"diminishing returns" property and can be seen as a discrete analogy to convex
functions. The problem of maximizing a submodular function is as
follows: Given a set \(E\) of elements and a set function \(f: 2^E\rightarrow Q\)
(typically through an oracle), we want to determine a subset \(S\) of \(E\)
with maximum value \(f(S)\). This is an NPhard problem for which several
approximation algorithms are known. These algorithms are either
randomized or adaptive, in the sense that they choose which function
values to look up after having already seen some others, and in this
way adapt to the function. In this talk we discuss a nonadaptive,
or oblivious, deterministic approach. All sets for which the value
of the function will be queried will be chosen from the beginning as
a list. The set of this list with the highest function value will
then be returned as an approximation of the problem. The focus of
the talk will be choosing such a list and determining the quality of
this solution.

May 31, 2017 
Tim Güneysu (University of Bremen)
Challenges of Modern Cryptography

May 24, 2017 
Franziska Eberle (University of Bremen)

May 10, 2017 
Syamantak Das (University of Bremen)
Online and Approximation Algorithms for Scheduling and Network Design
Show abstract
This will be a talk covering my general research interests, approximation and online algorithms for scheduling and network design.
First, I will speak about online scheduling problems. We propose a new model on top of the classical competitive analysis that we believe is useful in dealing with uncertainty in the input data. We show that one can design simple online algorithms with good guarantees if one is allowed to reject, that is, not process a tiny fraction of the input. We propose this in the light of the fact that such an algorithm is not possible for optimizing certain classical scheduling objectives like makespan minimization or minimizing the (weighted) maximum flowtime.
Joint work with: Anamitra Roy Choudhury, Naveen Garg and Amit Kumar.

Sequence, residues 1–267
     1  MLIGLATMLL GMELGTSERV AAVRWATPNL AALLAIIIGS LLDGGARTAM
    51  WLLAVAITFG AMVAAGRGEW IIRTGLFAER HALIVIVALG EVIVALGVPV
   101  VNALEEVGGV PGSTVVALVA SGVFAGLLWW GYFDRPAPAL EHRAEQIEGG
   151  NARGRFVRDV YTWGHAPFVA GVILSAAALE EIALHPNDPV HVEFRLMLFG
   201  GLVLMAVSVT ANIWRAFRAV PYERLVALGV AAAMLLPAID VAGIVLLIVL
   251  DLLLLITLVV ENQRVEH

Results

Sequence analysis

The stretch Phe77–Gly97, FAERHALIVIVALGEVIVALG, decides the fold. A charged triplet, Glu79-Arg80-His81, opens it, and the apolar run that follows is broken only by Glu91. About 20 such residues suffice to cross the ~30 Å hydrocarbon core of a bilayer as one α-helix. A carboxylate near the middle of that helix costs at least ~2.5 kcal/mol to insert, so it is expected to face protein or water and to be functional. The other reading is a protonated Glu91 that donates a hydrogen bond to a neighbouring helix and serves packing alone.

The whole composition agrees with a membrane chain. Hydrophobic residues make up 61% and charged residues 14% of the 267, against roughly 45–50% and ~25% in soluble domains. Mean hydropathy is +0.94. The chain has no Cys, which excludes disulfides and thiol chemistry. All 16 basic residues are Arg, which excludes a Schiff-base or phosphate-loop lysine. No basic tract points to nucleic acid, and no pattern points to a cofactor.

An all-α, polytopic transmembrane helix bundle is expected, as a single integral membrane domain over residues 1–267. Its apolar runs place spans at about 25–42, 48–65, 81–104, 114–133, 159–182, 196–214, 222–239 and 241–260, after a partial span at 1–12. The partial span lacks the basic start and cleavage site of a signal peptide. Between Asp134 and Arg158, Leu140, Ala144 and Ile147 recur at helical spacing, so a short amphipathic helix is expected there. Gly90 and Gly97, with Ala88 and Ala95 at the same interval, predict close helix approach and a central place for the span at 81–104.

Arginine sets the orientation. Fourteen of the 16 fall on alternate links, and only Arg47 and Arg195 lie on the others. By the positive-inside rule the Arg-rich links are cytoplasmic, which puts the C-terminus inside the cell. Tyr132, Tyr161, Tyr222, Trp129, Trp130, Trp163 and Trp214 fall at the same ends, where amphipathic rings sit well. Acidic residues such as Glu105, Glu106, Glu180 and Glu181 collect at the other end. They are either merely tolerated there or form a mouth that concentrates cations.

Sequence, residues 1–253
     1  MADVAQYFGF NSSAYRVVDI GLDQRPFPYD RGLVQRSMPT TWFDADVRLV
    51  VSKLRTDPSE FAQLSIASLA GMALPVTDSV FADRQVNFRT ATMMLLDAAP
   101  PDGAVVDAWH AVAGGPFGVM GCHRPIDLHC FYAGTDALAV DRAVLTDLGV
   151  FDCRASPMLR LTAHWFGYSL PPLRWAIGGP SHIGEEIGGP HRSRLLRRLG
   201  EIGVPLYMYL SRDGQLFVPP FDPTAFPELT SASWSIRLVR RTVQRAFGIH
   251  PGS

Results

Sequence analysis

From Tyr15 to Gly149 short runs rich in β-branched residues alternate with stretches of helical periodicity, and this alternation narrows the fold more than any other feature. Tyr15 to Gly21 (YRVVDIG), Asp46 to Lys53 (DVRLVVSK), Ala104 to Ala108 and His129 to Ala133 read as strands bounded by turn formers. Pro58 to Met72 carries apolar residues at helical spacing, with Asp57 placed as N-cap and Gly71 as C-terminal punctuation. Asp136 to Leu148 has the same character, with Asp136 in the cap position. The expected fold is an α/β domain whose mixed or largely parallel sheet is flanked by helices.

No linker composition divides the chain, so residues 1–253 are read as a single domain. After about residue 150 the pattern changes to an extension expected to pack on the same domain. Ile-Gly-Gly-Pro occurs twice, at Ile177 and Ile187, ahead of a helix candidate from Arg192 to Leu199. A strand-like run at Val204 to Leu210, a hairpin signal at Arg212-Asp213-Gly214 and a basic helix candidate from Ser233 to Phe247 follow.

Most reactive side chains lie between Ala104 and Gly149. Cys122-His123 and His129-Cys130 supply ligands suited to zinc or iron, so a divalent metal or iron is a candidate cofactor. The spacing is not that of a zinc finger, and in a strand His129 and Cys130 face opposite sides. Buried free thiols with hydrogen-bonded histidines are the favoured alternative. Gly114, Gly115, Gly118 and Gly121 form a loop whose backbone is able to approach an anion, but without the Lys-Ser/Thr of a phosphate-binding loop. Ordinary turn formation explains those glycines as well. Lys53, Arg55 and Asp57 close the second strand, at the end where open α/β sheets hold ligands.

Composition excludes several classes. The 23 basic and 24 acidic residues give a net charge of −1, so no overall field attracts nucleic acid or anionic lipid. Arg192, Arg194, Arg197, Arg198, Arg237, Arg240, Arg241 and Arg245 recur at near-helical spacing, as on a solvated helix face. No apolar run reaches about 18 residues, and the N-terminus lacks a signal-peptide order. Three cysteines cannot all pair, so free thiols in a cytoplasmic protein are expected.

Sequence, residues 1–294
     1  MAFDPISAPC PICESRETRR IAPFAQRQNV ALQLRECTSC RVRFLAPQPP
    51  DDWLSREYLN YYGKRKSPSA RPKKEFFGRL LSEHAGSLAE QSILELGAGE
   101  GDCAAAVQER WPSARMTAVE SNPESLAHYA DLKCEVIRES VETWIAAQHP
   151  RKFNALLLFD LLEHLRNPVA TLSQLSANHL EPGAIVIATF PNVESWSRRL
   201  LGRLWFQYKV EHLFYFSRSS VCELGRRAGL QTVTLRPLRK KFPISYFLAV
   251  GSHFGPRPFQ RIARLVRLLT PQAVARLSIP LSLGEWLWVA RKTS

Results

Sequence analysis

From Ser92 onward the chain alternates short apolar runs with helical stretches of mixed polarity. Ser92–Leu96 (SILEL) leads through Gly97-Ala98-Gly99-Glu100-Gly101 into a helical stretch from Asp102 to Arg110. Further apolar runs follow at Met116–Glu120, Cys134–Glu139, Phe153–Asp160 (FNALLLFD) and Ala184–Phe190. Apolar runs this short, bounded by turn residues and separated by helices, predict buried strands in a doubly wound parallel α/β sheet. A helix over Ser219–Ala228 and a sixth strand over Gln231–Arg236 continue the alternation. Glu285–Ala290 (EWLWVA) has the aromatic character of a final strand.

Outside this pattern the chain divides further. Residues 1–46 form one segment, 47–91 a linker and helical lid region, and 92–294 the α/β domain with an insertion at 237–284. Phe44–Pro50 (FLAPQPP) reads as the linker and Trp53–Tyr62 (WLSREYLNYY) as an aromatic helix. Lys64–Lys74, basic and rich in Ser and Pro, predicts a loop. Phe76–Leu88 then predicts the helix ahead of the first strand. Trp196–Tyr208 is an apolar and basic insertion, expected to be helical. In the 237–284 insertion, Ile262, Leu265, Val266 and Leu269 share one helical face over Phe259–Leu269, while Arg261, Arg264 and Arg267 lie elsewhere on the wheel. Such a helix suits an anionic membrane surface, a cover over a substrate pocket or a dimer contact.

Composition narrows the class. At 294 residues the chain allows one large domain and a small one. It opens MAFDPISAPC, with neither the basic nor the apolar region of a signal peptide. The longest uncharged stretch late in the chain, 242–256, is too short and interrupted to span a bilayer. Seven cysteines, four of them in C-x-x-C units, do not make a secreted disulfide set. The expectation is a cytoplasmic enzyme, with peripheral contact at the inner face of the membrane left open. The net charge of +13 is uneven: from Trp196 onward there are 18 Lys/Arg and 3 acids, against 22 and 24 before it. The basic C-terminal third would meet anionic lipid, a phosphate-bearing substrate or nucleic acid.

In the second part, I shall talk about network design problems. We give improved approximation guarantees for a classical network design problem called the Group Steiner Tree, when the input graph has a special structure. In particular, we prove a generic reduction of a problem instance on such graphs to a problem instance on trees that allows us to carry out the desired improvement. The reduction may be of independent interest.
Joint work with: Parinya Chalermsook, Bundit Laekhanukit and Daniel Vaz.

May 3, 2017 
Nicole Megow (University of Bremen)
Online Resource Minimization
Show abstract
Minimizing resource usage is a key to achieving economic, environmental, or societal goals. We consider the fundamental problem of minimizing the number of machines that is necessary for feasibly scheduling preemptive jobs with release dates and hard deadlines. We consider the online variant of this problem in which every job becomes known to the online algorithm only at its release date. We present new competitive algorithms for this problem. We also discuss the power of job migration and show somewhat surprising strong lower bounds on the best possible performance guarantee.
Joint work with: Lin Chen and Kevin Schewior.

March 1, 2017 
Marek Adamczyk (University of Bremen)
When the Optimum is also Blind: A New Perspective on Universal Optimization
Show abstract
Consider the following variant of the set cover problem. We are given a universe \(U=\{1,...,n\}\) and a collection of subsets \(\mathcal{C} = \{S_1,...,S_m\}\) where \(S_i \subseteq U\). For every element \(u \in U\) we need to find a set \(\phi(u) \in \mathcal C\) such that \(u\in \phi(u)\). Once we construct and fix the mapping \(\phi:U \mapsto \mathcal C\) a subset \(X \subseteq U\) of the universe is revealed, and we need to cover all elements from \(X\) with exactly \(\phi(X):=\bigcup_{u\in X} \phi(u)\). The goal is to find a mapping such that the cover \(\phi(X)\) is as cheap as possible.